Getting Started with Stream Monitoring
You don’t need a background in science or expensive equipment to be a volunteer stream monitor. Here are some steps and resources to help you get started.
- Find a Local Chapter: Many volunteer monitoring groups are active around the country. See if there is one near you that you can join and perhaps expand if it’s in a neighboring community. Start by checking with your local Izaak Walton League chapter and look for local groups through the U.S. Environmental Protection Agency’s Surf Your Watershed page. Another helpful EPA resource is the National Directory of Volunteer Monitoring Groups.
- Equipment List: If you are starting your own monitoring effort from scratch, you will need a few items to ensure the best results. We’ve done the leg work for you and compiled an SOS Monitoring Equipment page. Whether you are testing the rocky or muddy bottom of a stream or measuring the chemical components of the water, we’ve got you covered.
- Scope the Site: Finding the right location can affect your findings, so monitor just upstream or downstream from an area that might interfere with your work, such as a construction site. To pinpoint possible sources of pollution, monitor upstream or downstream of each tributary flowing into the stream. And always ask permission to walk through private property to test a stream.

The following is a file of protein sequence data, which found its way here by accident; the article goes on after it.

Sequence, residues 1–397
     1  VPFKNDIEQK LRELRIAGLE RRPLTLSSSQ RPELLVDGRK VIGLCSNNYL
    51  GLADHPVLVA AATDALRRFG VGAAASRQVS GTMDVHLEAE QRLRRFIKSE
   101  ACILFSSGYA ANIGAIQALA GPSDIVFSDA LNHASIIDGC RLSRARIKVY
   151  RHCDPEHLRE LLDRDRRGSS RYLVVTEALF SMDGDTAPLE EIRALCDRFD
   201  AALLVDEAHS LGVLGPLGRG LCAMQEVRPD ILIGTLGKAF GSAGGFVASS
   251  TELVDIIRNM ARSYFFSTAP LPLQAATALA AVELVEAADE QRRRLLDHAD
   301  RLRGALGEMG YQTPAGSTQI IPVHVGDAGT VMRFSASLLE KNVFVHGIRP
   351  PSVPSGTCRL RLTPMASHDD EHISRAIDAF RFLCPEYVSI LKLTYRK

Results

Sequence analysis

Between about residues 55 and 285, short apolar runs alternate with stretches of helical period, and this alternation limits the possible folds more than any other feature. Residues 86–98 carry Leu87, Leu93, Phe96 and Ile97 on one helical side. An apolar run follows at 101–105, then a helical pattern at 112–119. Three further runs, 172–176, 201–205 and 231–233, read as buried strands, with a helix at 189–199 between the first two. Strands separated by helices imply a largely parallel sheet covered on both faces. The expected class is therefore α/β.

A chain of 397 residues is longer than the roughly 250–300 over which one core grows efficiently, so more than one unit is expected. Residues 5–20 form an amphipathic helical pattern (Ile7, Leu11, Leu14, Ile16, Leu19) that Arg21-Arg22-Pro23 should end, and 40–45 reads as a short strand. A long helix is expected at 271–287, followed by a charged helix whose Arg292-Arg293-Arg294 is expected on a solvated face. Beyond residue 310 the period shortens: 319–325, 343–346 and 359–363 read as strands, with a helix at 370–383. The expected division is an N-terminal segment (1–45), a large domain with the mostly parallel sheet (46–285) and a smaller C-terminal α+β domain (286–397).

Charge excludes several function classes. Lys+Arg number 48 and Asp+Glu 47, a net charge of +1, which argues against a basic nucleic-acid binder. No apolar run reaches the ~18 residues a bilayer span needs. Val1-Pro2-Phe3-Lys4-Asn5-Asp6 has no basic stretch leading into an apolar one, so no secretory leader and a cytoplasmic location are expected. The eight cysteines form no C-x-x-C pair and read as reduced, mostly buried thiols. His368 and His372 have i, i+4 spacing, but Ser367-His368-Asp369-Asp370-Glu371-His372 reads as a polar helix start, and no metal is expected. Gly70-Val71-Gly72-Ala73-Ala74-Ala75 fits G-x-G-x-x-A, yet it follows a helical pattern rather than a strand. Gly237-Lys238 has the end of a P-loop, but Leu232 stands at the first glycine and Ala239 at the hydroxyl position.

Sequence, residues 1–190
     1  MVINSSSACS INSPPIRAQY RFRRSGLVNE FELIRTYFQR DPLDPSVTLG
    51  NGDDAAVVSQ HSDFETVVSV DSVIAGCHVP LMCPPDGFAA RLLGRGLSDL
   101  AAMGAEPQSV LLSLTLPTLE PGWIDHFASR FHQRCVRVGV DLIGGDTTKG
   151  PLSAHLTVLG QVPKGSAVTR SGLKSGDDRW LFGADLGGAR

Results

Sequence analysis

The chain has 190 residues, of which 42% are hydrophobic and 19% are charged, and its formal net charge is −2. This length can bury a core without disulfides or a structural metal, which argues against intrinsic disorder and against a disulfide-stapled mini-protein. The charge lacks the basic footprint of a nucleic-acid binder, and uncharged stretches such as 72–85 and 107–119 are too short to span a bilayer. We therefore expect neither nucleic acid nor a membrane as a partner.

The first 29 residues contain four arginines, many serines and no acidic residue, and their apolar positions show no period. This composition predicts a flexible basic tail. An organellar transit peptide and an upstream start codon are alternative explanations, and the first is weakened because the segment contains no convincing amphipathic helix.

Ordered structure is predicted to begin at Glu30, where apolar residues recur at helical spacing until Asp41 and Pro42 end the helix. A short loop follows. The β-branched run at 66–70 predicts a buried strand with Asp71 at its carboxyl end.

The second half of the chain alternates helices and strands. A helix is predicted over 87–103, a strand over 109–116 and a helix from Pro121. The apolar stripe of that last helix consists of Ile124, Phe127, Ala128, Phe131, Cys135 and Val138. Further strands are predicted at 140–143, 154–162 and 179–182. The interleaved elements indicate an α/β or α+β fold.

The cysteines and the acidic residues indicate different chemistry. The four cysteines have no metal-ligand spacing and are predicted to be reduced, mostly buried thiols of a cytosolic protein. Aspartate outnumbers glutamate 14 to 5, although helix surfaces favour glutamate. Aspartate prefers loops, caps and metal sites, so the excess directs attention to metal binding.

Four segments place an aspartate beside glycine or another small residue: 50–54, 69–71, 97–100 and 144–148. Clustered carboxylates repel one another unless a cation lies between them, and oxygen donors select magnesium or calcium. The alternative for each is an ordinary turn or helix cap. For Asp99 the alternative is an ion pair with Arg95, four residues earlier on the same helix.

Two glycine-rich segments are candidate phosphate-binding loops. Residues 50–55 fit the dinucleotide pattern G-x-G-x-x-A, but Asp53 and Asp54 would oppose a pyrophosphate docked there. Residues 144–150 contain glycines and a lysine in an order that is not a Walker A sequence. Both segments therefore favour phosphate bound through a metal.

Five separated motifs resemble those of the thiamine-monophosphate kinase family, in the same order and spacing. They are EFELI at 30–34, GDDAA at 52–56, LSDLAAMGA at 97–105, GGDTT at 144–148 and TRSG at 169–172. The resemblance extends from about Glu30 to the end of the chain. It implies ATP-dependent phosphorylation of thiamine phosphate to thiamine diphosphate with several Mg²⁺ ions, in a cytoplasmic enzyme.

- Mark Your Site: You should monitor at the same location every time to accurately track changes in water quality, so it’s important to record your location by landmarks or with a GPS unit. This doesn’t just help you remember where you’ve monitored. It also helps government officials pinpoint your location if you find a problem.
- Get Started: Now that you know the basics, let’s get wet! To start, download the Save Our Streams Monitoring Forms. You’ll find instructions for scooping up stream-dwelling critters, testing chemical components, and making visual observations. For help identifying stream critters, download our Aqua Bugs app. It’s free and a lot of fun!